As a Youth Ki Awaaz Menstrual Health Fellow, Nitisha has started Let’s Talk Period, a campaign to mobilise young people to switch to sustainable period products. She says, “80 lakh women in Delhi use non-biodegradable sanitary products, generate 3000 tonnes of menstrual waste, that takes 500-800 years to decompose; which in turn contributes to the health issues of all menstruators, increased burden of waste management on the city and harmful living environment for all citizens.

Let’s Talk Period aims to change this by

Find out more about her campaign here.

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A former Assistant Secretary with the Ministry of Women and Child Development in West Bengal for three months, Lakshmi Bhavya has been championing the cause of menstrual hygiene in her district. By associating herself with the Lalana Campaign, a holistic menstrual hygiene awareness campaign which is conducted by the Anahat NGO, Lakshmi has been slowly breaking taboos when it comes to periods and menstrual hygiene.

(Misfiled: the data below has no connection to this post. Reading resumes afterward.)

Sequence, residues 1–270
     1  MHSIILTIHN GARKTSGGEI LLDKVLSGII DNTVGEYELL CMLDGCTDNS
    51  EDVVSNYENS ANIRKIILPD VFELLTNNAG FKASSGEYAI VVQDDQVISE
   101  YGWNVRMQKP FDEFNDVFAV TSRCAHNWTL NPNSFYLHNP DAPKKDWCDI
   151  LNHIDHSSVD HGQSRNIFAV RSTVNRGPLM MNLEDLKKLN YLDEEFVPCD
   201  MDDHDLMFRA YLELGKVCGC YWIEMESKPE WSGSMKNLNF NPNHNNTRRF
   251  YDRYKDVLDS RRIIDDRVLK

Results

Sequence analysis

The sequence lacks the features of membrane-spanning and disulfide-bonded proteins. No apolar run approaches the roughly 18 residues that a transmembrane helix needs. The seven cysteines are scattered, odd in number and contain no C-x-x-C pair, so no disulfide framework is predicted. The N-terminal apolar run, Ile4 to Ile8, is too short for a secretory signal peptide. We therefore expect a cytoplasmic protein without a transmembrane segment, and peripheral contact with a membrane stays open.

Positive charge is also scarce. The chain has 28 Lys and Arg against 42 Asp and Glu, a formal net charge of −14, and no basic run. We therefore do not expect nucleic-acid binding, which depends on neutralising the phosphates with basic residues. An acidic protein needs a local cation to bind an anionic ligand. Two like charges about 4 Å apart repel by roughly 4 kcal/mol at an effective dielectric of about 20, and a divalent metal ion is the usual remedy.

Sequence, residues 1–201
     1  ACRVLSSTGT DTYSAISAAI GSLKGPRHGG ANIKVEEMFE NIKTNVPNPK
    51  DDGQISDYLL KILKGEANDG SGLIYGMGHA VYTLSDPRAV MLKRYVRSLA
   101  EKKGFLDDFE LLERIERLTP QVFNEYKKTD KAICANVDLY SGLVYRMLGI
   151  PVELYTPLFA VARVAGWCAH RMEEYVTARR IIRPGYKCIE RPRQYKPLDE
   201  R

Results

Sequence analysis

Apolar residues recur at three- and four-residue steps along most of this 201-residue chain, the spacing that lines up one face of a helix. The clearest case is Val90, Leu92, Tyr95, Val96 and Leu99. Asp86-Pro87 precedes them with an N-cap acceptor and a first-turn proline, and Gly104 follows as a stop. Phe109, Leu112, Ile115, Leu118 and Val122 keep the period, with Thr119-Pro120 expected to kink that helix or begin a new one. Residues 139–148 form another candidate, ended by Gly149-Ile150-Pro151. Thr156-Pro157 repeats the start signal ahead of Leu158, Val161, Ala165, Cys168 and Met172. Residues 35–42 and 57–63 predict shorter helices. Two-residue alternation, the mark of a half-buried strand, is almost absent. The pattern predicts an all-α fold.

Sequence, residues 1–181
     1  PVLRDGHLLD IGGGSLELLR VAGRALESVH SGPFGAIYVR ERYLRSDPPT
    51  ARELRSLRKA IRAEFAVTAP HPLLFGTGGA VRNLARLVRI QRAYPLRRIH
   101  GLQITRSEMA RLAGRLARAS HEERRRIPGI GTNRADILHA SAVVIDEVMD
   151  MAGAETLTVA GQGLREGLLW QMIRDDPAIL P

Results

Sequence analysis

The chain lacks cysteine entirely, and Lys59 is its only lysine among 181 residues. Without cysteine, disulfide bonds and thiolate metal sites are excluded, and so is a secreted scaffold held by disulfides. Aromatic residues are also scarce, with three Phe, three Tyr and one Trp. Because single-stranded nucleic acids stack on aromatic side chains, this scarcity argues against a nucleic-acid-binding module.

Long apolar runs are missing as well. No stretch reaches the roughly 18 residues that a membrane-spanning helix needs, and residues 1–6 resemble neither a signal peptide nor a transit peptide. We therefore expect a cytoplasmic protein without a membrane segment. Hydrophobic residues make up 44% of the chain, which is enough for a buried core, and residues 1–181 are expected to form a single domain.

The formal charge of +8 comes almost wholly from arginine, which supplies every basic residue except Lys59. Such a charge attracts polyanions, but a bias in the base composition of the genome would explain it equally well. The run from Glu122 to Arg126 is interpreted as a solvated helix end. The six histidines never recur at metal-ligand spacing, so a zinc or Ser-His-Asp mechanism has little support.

A Gender Rights Activist working with the tribal and marginalized communities in india, Srilekha is a PhD scholar working on understanding body and sexuality among tribal girls, to fill the gaps in research around indigenous women and their stories. Srilekha has worked extensively at the grassroots level with community based organisations, through several advocacy initiatives around Gender, Mental Health, Menstrual Hygiene and Sexual and Reproductive Health Rights (SRHR) for the indigenous in Jharkhand, over the last 6 years.